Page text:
Working for the Sovereign
The American version of Sovereign rule is our Constitutional form of government. Working for the Sovereign is more likely today as Federal Government dollars continue helping shore up our faltering economy. This and C-Notes that follow will provide summaries of important rules that demarcate some key differences between public and private projects.
Confessing – Not Just a Good Idea, It’s the Law
A controversial new self-reporting rule took effect on December 12, 2008, for General Services Administration (GSA), NASA and the Department of Defense (DOD) projects. Amendments to 48 CFR Parts 2, 3, 9, 42 & 52 (the “Rule”) Generally, it requires practitioners contracting with these agencies to notify, in writing, the Office of the Inspector General, whenever the contractor has “credible evidence” that a principal, employee, agent, or subcontractor of the contractor has committed a violation of the civil False Claims Act or a violation of Federal criminal law involving fraud, conflict of interest, bribery, or gratuity violations in connection with a Federal contract or any related subcontract. There is even a handy form available on-line for a duly “authorized representative empowered to speak for the company” to confess with speed and ease. The Rule also mandates that a contractor must implement standards for internal controls and reporting.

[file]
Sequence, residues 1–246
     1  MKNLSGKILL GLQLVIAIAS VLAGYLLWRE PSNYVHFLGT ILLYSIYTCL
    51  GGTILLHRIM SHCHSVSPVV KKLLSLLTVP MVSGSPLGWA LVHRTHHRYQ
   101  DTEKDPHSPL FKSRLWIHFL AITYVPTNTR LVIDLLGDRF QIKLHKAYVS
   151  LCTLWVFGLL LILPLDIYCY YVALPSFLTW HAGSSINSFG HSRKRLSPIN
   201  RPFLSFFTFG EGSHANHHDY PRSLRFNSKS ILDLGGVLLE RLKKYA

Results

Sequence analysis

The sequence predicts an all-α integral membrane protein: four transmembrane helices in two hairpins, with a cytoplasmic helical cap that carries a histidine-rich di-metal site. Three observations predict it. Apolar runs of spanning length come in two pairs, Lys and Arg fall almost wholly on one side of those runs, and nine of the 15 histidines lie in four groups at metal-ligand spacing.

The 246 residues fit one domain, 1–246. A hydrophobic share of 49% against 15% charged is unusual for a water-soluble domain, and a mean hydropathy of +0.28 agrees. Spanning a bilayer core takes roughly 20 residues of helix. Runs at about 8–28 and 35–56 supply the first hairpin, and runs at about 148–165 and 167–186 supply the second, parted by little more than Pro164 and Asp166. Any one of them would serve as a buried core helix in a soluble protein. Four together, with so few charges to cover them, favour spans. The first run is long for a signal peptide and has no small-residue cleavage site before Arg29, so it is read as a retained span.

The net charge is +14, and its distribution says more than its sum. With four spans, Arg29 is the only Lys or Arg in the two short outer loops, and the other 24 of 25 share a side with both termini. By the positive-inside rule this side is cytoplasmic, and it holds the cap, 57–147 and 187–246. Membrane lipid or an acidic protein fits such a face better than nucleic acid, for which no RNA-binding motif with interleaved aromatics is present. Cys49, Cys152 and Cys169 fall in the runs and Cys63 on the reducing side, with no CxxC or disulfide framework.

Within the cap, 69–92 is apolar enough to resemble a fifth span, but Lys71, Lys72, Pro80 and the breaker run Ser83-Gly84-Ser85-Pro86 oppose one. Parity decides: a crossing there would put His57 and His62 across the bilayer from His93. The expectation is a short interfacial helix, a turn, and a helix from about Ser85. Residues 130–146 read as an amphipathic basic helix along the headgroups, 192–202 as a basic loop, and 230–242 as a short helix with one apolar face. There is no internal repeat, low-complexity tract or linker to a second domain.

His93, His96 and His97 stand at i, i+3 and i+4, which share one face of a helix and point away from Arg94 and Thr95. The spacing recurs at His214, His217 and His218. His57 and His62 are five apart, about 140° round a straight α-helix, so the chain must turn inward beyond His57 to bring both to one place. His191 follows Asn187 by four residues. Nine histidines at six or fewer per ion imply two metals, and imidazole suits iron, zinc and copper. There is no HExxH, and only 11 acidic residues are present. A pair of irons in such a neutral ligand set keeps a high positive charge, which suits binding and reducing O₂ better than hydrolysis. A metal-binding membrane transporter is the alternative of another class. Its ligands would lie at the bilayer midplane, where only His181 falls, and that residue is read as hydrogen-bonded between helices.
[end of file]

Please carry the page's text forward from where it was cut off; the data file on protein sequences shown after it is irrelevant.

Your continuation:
The consequences for failing to abide by this Rule can be dire. A knowing failure by a contractor principal to report when there is credible evidence of a covered violation will likely lead to suspension or debarment from further government projects. The reporting obligation lasts three years after final payment.
The C-Note is a practical guide to and commentary on topical legal issues affecting design professionals. It is written by John Hawkins, AIA, who is a 20-year lawyer in the Litigation Practice Group of Houston-based Porter Hedges LLP.